“The qualifying course was similar to Killarney,” he told the Killarney Advertiser.

However, Sunday’s final was much more difficult. His dog had to round up a flock of sheep at the left hand side of the course. Then Northhill Tess, under the guidance of Tom, had to round up a smaller flock and bring them to the same holding pen. When finished, five of the sheep were wearing red collars and Tom had to instruct his dog to separate them and bring them to a separate holding area.

“It is the biggest trophy in sheep dog trailing,” he added. “Everyone who trains a dog does so for this day. It is mind blowing. My family are very proud, they know the time and the work involved preparing for this.”

The standard at the Killarney event last month was evident in Wales last weekend. The Killarney winner, Peter Morgan and his dog Moss, ran Tom to a very close second.

His son Peter Og won the Young Handlers award and Team Ireland were declared the overall winners based on aggregate scores in the final 15.

Tom arrived home to Kilcummin on Monday night to a traditional homecoming bonfire.

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Vaccination centre leaves basketball club homeless

By Sean Moriarty With the National Basketball League set to get underway in two weeks’ time, Scott’s Lakers St Paul’s Killarney Basketball Club are still unsure where they will play their homes games this season as their usual venue is being used as a COVID-19 vaccination centre. The local side play Limerick Celtic away on […]

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By Sean Moriarty

With the National Basketball League set to get underway in two weeks’ time, Scott’s Lakers St Paul’s Killarney Basketball Club are still unsure where they will play their homes games this season as their usual venue is being used as a COVID-19 vaccination centre.

The local side play Limerick Celtic away on the weekend of October 8 and 9 and their first home game is set for October 16.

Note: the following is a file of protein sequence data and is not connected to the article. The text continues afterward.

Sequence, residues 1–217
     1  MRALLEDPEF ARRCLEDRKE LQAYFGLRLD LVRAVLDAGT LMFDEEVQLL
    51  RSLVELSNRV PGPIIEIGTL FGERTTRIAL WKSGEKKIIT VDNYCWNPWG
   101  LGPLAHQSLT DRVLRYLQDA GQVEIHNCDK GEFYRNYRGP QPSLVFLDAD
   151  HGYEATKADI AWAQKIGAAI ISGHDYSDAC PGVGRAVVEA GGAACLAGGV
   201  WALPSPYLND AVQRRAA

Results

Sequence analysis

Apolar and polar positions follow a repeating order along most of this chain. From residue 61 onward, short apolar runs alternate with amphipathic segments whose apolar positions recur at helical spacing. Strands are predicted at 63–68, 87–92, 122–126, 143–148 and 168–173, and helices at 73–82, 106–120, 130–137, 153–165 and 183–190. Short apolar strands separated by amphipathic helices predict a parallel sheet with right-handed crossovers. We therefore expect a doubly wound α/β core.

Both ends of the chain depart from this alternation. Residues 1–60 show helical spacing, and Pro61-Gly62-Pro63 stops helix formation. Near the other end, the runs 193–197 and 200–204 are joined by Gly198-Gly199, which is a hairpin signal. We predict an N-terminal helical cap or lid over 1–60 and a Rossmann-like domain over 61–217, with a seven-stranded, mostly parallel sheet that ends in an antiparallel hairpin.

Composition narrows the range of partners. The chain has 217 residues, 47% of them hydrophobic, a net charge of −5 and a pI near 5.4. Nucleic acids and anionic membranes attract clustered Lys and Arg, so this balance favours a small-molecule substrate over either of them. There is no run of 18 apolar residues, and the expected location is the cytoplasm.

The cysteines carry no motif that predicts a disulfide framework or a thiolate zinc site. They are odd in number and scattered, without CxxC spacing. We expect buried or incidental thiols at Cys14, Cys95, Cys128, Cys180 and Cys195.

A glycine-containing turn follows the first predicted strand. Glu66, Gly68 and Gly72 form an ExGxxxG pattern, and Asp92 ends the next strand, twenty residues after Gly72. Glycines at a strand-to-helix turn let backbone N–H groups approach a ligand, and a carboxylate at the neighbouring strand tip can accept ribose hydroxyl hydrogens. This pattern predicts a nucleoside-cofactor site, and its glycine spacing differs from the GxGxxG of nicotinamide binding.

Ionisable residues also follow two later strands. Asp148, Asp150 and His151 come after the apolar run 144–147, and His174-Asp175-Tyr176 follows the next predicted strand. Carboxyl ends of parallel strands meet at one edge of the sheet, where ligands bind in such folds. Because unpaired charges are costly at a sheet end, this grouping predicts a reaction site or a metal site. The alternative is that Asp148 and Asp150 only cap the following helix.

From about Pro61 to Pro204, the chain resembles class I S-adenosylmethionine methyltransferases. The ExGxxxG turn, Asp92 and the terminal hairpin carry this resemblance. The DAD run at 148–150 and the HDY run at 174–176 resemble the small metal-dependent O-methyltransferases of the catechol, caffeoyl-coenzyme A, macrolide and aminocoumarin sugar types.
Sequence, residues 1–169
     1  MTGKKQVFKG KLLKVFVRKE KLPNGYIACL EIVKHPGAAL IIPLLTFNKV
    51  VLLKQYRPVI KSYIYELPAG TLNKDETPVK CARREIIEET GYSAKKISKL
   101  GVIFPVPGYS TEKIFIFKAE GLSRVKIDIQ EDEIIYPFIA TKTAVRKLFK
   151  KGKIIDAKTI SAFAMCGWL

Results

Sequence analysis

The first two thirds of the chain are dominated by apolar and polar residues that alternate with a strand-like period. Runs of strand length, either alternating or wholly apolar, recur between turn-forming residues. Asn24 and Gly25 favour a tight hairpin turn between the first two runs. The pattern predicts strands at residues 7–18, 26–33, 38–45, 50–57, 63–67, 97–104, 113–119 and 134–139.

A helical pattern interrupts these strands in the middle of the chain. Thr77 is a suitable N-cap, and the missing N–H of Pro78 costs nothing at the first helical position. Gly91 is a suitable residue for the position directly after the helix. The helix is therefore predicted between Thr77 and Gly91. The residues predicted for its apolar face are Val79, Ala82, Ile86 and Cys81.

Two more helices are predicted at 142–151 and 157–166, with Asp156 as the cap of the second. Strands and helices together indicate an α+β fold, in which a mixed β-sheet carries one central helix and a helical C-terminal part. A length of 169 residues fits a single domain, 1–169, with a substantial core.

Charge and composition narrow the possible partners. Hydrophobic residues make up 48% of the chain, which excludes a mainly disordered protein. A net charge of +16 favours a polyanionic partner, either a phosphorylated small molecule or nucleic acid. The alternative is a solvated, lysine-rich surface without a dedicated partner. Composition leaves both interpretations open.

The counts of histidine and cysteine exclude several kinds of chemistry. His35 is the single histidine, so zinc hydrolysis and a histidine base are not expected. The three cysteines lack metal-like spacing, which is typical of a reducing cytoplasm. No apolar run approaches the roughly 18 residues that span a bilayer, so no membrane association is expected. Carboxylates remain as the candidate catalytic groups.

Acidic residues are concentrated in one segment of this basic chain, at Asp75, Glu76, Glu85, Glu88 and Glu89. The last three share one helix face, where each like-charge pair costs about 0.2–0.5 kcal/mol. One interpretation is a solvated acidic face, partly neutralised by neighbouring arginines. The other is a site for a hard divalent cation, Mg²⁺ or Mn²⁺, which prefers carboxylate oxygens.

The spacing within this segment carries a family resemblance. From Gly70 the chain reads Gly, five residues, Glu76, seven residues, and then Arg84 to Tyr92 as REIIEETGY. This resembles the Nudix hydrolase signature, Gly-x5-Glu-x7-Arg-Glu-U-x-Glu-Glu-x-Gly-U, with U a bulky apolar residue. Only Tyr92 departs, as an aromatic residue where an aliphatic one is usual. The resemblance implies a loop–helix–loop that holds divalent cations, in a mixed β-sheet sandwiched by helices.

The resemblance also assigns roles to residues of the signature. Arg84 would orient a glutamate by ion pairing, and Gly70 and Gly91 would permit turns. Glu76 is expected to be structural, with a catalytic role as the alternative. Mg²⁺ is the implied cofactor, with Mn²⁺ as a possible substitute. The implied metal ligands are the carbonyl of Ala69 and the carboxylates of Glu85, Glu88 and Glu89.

Currently their home venue at Killarney Sports and Leisure Centre is unavailable as it is being used as a COVID-19 vaccination centre and according to the Health Service Executive (HSE) this week, there are no plans in place, as of yet, to move out.

Killarney Cougars, the town’s newest addition to the National League, has secured the use of the gym at St Brigid’s Secondary School in the town centre but, as it stands, St Paul’s remain homeless as the season opener looms.

“It is ridiculous at this stage,” said head coach Jarlath Lee. “If you look at what is happening at the Sports Centre, there are very few people in and out of there now compared to the start [of the vaccination roll-out].”

The HSE when contacted by the Killarney Advertiser this week said that they would not be adding to a previous statement issued earlier this month, which said: “In relation to Killarney Sports and Leisure Centre, we are very grateful to staff and management for the use of their facility as a vaccination centre.

“Planning work is well underway for the next phase of the vaccination programme, locally and nationally. This includes a review of where vaccinations are administered in future, but we cannot confirm any decisions in relation to any particular location at this point in time.”

However, the HSE did confirm this week, that the Tralee Vaccination Centre, located at the Munster Technology University, will re-locate to the recently vacated Borg Warner factory in the town. The move is expected to be completed within the next week to 10 days.